LED Headlight Bulbs

A few months ago, I noticed that the headlights on one of my cars looked very dim compared to when they were installed just a few months earlier. Regular halogen bulbs dim over time, but these had dimmed very quickly, very likely because I installed a wiring harness / relays to increase the voltage and output (bulb life and output over time is inverse to voltage).

So I decided to revisit LED headlight bulbs. In many forums, you will find doomsayers who say they won't work properly, and for many years, I deferred to such opinions. But there were always a few people who said their ones worked fine and more people seemed to be not listening to the naysayers.

So I decided to look into it more deeply and found some excellent resources including serious testing. Bulbs in the range of $100 to $200 were considered excellent both in construction and output.

But there were a handful of cheaper options that were comparable in output to the more expensive ones.

After some research and sleuthing, I figured out that some recommended models that sold for $50 to $100 seemed to be sold as other brands for far less. I took a chance and ordered a set that were just $20.

Fast forward 4 months, they are still working perfectly. The output is comparable to the factory bi-xenons on one of my other cars. Testing measured it as 2.5 times more light than halogen and visibility at night is pretty much a non issue. It is literally like night and day.

So if you're suffering from dim halogen headlights, I highly recommend LED Headlight Bulbs!!!

Thanks for your enlightening post! :slight_smile: Glad your new headlights are working well for you.

That's interesting. The three main points against that I had seen were:

  1. If you aren't careful about what you buy, you might end up with bulbs that are not actually considered legal for road use. (The packaging will generally tell you.)
  2. In certain applications without the right hardware, LED bulbs may make your car think they are about to go out (for example, if you put LED turn signal bulbs in a car that doesn't expect them, your turn signals may blink super fast to warn you). I think there are kits you can get that avoid this potential issue.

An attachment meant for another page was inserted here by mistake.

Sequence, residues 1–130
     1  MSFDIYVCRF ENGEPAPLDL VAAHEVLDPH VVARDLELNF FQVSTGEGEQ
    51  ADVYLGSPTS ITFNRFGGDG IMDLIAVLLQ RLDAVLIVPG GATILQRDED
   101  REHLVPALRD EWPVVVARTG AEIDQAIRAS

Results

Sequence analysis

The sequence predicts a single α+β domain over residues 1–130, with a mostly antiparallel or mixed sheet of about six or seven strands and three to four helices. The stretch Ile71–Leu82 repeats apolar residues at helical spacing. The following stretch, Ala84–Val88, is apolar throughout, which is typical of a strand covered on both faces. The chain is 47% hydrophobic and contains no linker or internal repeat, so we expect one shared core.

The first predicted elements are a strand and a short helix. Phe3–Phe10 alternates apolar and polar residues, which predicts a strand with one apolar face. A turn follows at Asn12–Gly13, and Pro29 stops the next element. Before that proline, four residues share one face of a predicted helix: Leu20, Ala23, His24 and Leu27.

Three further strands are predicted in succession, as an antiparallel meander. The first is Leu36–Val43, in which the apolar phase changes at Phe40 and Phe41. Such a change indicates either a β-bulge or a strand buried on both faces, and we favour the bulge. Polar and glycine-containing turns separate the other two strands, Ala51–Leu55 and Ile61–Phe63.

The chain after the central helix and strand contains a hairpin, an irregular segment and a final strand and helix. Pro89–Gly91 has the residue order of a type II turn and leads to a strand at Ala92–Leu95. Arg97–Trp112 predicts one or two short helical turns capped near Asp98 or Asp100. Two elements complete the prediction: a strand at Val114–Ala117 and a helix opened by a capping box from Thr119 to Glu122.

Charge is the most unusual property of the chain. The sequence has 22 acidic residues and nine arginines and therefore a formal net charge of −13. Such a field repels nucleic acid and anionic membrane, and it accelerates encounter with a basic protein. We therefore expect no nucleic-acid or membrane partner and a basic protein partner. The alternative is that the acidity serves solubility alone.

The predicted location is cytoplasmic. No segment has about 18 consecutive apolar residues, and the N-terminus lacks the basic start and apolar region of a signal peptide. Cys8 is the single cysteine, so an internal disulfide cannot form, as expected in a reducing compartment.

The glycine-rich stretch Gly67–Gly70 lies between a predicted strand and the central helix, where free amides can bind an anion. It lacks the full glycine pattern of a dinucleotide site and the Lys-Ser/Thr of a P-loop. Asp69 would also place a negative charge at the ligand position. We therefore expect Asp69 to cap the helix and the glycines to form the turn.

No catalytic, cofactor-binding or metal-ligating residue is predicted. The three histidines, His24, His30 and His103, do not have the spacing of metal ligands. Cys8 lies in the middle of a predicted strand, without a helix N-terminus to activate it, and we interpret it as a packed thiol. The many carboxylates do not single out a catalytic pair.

3. If you put LED headlamps in a vehicle that wasn't designed for them without professional adjustment (or possibly replacement) of the reflectors, it is possible that they will no longer be aimed correctly and you will join the ranks of people half-blinding the traffic in front of them and perpetuating the hatred for LED bulbs.

It sounds like you managed to avoid all three pitfalls. Also, the last time I looked into it was a few years ago, so I don't even know how applicable the caveats are anymore.

LED headlight bulbs are not street legal replacements for halogen headlight bulbs in reflector housings. Reflectors are designed for a 360 degree halogen bulb which will have it's filament in a particular location, regardless of brand.

But some LED bulbs get closer than others in replicating the halogen bulb. Apart from placing the diodes in the same location as the halogen's filament, the LED bulb should only have 2 sides and be as thin as possible to replicate the 360 degree output of halogen.

There are still bulbs being sold that give a poor pattern and poor output. Apart from glare, a poor design also means that some will put less light onto the road than the halogen they replaced, despite them having far higher lumen ratings.

So you will see reviews and opinions ranging from LED being a huge improvement to them being worse.

The other thing to watch out for is a design that doesn't dissipate heat well enough leading to a short life. Ideally, you want a design with as large a heatsink as can fit in your housing, a fan and external drivers. If space is at a premium or you want the easiest possible install, there are now LED bulbs that are the same exterior design and size as halogen bulbs. Some even integrate a fan. Many bulbs now also deal with any compatibility issues with the car's electronics / warning systems.